PART III: The Recipe, The Filling, The Eating
By Kim Cody
As described in Part II of my Dumpling Chronicles, I have compiled here the recipe for the dough prepared for these Vintage Teapot delights. It is based on 3 basic things: flour, oil, water. The recipe we were given is by no means exact. I got the sense that so much of this cooking is by feeling. Here is the basic composition:
Ingredients for the Dough:
- 500g plain flour (makes approx. 35-40 dumplings)
- 20 “drops” vegetable oil (when pushed, they acquiesced that this amount to about 4-5 tsp)
- Boiling Water- no exact amount given, but add to your dough as you mix, starting with a well in the centre. The dough should be relatively firm, but moist enough to roll without splitting. I’d put boiling water into a pint jug, and add ~150 ml at a time until you can mix to firm-set consistency
Method for Preparation:
- In a bowl, combine the flour with boiling water, and oil. No exact amount of water was given, but add to your dough as you mix, starting with a well in the centre. The dough should be relatively firm, but moist enough to roll without splitting. I’d put boiling water into a pint jug, and add ~150 ml at a time until you can mix to firm-set consistency
- Once your dough is mixed and homogenous, form into a rectangular shape and leave to set for about 10 minutes, or until cool. Cover with a damp tea towel to keep it moist
- Cut a section of your dough with a knife and roll into a fat, sausage-like tube. By my estimation, it should be about ½ the width, or so, of a cucumber.
- Chop the dough-sausage into sections about the size of gnocchi. Each section should be the same size
- Flatten the dough-lumps with your palm to form a crude disc. Roll each disc into a thin dumpling wrapper. To do this, take a small, thin, rolling pin in one hand, and turn the dough with the other until you have a disc about 6 cm across that is slightly thicker in the middle and thin at the edges.
- Repeat until all the dough you want is used. Presumably, you can freeze or refrigerate any unused dough.
At the event at The Vintage Teapot, we used a pre-prepared filling of pork belly, seasoned and cooked with bamboo shoots and spring onions. Again, this recipe holds more of feeling and personal taste.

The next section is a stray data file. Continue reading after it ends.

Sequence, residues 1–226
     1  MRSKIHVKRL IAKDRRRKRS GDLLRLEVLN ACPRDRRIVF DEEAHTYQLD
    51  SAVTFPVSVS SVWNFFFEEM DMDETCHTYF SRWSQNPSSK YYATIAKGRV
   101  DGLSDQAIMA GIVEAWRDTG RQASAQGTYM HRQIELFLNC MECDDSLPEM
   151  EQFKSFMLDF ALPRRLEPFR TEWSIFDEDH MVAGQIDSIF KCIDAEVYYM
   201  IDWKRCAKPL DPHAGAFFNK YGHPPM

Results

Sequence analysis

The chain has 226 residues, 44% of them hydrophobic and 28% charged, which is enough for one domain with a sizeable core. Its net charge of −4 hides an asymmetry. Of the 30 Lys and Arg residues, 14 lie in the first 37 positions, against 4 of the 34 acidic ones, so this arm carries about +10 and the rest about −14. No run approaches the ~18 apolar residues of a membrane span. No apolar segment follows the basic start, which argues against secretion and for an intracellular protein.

I was intrigued at what now seems obvious: it’s better to use a whole piece of pork belly and mince it yourself than what I have in the past used- minced pork meat. It gave a whole new depth of flavour. Here is the advice on the recipe given to us verbally during the demo:
Ingredients for Pork Belly Dumpling Filling:
Note: all measurements to taste, based on quantity of pork. I make this filling at home and it made about 25-30 dumplings.
- Pork Belly meat
- Bamboo shoots (available boiled/cooked and preserved in brine in Asian supermarkets)
- Spring onions
- Vegetable oil
- Sesame oil
- Light AND Dark soy sauce
- Chinese/Szechaun black pepper
- White pepper
- Chinese cooking wine
- Some vegetable stock or meat stock
Method for Pork Belly Filling:
- Boil the pork belly in water until cooked. When cool enough, remove the skin. Chop the pork finely/mince the pork until it’s at a fine enough consistency to be held together in a dumpling wrapper.
- Dice the bamboo shoots and fry in a pan with a little vegetable oil. Bring them to cook, but only about 60% of the way to “fully cooked”. At the 60% mark, mix these with the pork mince.
- Add the Chinese pepper while it is still warm (n.b.)
- Add this mince mixture back to the pan, and stir-fry in a little more vegetable oil. You can add a touch of white pepper at this point to release more of flavour in the dish.
- Add Chinese cooking wine to the pan, and let it sizzle and evaporate
- Add a dash of both light and dark soy sauce- one to give colour, the other to add more flavour. According to our knowledgeable hosts at the event, the light soy sauce gives the taste, and the dark provides a nice, caramel colour.
- Continue to stir-fry and add a small amount of chicken or vegetable stock to keep it moist, but not wet.
- At this point, add the finely diced spring onions to the mix- they are too delicate to fry during heated part. Keep their relatively fresh feeling by adding to the hot mix once you’ve taken the pan off the heat.
Once this mixture has cooled, you can use it to fill up your dumplings, using the clandestine method described above. There are plenty of YouTube tutorials in that arena, so I won’t attempt further instruction.
There are many variants you can use in this to give it a different flavour- you can try adding mined fresh ginger to the stir fry, or some minced garlic. Why not both, if you ask me? You can also add some minced prawn meat, which sounds incredible, to be perfectly honest.
I leave the variation up to you.
Tried this at home? I want to see your pictures! Send them in and you might get featured in the next article. I love the hands-on types…